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The influence of Calvinism on the South African Council of Churches
The influence of Calvinism on the
South African Council of Churches
P.G.J. Meiring
Department of Science of Religion and Missiology
University of Pretoria
PRETORIA
E-mail: [email protected]
Abstract
The influence of Calvinism on the South African Council of
Churches
The impact of Calvinist theology and of reformed leadership on
the South African Council of Churches (SACC) is vast. After a
brief history of the SACC, the author notes the contribution that
a number of reformed and presbyterian clergy and theologians
have made – as presidents, general secretaries or as theologians who helped develop the SACC’s message. At least five
principles that Calvin held dear, are reflected in the SACC’s
agenda during the past decades: the quest for unity, the concern for mission, covenanting for justice, providing a prophetic
witness in the community, and when the need arose, the
willingness to confront the government of the day. The article
concludes with a brief look at the future of the SACC and of the
continued input that reformed theologians may be able to make.
Opsomming
Die invloed van Calvinisme op die Suid-Afrikaanse Raad van
Kerke
Die invloed van die Calvinistiese teologie en van kerkleiers
vanuit die gereformeerde tradisie op die Suid-Afrikaanse Raad
van kerke (SARK) is groot. Na ’n kort oorsig oor die geskiedenis
van die SARK bespreek die outeur die bydraes van ’n aantal
gereformeerde en presbiteriaanse kerkleiers en teoloë – presidente, algemene sekretarisse en teologiese raadgewers, in
hierdie verband. Ten minste vyf beginsels wat vir Calvyn belangrik was, word in die agenda van die SARK gedurende die
afgelope dekades, gereflekteer: die soeke na eenheid, die belangrikheid van sending, die noodsaaklikheid van geregtigheid,
In die Skriflig 44, Supplement 3 2010:313-328
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The influence of Calvinism on the South African Council of Churches
die profetiese taak van die kerk in die samelewing, en indien die
situasie dit vereis, die noodsaaklikheid om die owerheid oor
hierdie sake te konfronteer. Die artikel word met ’n kort vooruitskouing afgesluit waarin die rol bespreek word wat die SARK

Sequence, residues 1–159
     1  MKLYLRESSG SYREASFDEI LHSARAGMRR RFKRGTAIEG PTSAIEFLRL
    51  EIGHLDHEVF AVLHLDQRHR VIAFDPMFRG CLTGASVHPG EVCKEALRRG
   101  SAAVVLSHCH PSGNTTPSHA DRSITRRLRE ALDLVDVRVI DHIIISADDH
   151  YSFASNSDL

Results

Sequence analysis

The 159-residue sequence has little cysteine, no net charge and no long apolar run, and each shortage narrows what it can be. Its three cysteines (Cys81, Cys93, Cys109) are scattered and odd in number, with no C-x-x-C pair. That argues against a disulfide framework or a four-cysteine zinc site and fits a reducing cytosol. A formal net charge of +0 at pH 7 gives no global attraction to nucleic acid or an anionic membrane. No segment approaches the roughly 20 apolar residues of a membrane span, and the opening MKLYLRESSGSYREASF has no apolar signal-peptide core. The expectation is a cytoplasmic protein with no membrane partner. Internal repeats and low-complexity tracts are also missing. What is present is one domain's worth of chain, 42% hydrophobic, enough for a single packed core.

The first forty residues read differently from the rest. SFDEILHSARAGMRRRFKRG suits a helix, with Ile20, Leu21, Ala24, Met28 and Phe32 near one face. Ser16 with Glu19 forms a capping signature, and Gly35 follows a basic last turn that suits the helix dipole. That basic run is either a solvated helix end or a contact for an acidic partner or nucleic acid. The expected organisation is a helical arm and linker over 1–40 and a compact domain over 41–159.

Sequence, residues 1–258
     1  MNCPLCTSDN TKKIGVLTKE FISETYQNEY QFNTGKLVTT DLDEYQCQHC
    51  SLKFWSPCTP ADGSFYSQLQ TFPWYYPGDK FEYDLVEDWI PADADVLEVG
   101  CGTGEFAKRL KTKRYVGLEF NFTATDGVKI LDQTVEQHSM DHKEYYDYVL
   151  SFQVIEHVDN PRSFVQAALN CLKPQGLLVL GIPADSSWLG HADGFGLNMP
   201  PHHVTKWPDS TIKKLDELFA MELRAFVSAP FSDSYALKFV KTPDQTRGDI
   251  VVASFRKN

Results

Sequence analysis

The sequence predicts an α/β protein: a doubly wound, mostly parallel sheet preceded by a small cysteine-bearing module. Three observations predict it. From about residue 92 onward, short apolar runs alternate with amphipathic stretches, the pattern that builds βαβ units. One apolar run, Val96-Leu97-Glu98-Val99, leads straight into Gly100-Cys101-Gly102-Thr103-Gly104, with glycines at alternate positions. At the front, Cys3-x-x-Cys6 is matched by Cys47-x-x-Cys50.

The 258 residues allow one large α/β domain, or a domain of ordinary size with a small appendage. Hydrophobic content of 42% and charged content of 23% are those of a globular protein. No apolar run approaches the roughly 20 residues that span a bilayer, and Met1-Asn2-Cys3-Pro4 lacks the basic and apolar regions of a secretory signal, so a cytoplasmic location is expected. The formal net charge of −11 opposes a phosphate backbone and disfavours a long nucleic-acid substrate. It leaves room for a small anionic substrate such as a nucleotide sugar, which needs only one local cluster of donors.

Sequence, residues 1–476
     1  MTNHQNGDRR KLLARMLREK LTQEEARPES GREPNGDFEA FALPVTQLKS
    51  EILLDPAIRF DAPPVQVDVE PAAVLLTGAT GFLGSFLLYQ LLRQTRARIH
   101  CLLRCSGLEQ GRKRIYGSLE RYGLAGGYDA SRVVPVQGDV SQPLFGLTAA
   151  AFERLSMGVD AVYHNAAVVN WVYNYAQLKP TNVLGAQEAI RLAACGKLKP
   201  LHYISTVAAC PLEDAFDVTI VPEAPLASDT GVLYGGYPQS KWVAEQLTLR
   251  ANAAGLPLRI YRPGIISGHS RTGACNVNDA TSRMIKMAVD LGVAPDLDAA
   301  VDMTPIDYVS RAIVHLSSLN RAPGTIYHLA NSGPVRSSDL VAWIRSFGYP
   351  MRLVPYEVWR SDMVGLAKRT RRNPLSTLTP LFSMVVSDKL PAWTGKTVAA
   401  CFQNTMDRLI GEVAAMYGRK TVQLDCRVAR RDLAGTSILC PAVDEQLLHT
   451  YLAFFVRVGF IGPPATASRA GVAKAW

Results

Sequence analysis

en die gereformeede teoloë in sy midde in die toekoms sou kon
speel.
1. A brief history of the South African Council of
Churches (SACC)
Eighteen hundred years ago, the North African theologian Tertullian,
confronted the church with the question: “What is there in common
between Athens and Jerusalem?” In his mind, the answer was: “Nothing!” (Bettenson, 1950:7 ff.). I am asked to answer a similar riddle:
What has Geneva and Johannesburg to do with one another, the
Church of St. Pierre and Khotso House? In 2009, when the birth of
John Calvin 500 years ago was celebrated, many questions were
asked about the Swiss reformer’s influence in the church, as well as
in public life. My intention is to discuss the influence of Calvinism on
the South African Council of Churches (SACC) – if, indeed, any
such an influence can be established. As was the case with Tertullian’s question, the answer to mine needs careful research and
explanation.
What is the South African Council of Churches and what is its mission? Who were the individuals who accepted leadership roles in the
organisation through the years?
1.1 The roots of ecumenism in South Africa: the Christian
Council of South Africa
The roots of the SACC reach back to more than a century ago,
when a number of protestant churches and mission organisations
founded the South African General Missions Council (1904). The
SAGMC was a dynamic organisation, and in the years that followed
many conferences and workshops were held, well attended by delegates from the Anglican, Methodist, Presbyterian and Dutch Reformed Churches, together with colleagues from other churches and
organisations (Geldenhuys, 1982:103). In May 1934 the well-known
missionary leader John R. Mott, visited South Africa and after discussions with him it was decided that the time was ripe for the establishment of a more widely based and representative ecumenical
body. Two years later (1936) The Christian Council of South Africa:
an Association of Churches and Missionary Societies for the Extension of the Kingdom of God was founded. Two Dutch Reformed
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P.G.J. Meiring
Church (DRC) ministers, William Nicol (chairman) and John du Toit
(secretary), were elected as the first office bearers.
The road towards unity and ecumenical cooperation was not easy.
During the Second World War (1938-1945) political differences left
their mark on the Christian Council. In 1940 the Anglican Church left
the body, and in 1941 the DRC followed suit. When a number of
German missionaries were interned because of the war, the work of
the council virtually came to a standstill (Gerdener, 1958:175).
After the war the Christian council slowly resumed its activities. The
Anglicans rejoined the council and the DRC, from time to time,
cooperated in the programmes. Funding the work of the council in its
Johannesburg office, as well as its numerous programmes across
the country, was a perennial problem and the response of the other
protestant churches to partake in die work of the Christian Council,
often lukewarm. Nevertheless, concluded Elfriede Strassberger in
her history of the ecumenical movement in South Africa, the council
“as far as its organisational set-up and program of action were
concerned, until 1960, [was] the most truly expressive ecumenical
council in South Africa” (Strassberger, 1974:239).
In December 1960, in the aftermath of the Sharpville massacre, the
World Council of Churches (WCC) invited all its member churches in
South Africa to a consultation to be held in Cottesloe (Johannesburg) to discuss the churches’ role in the looming racial crisis in the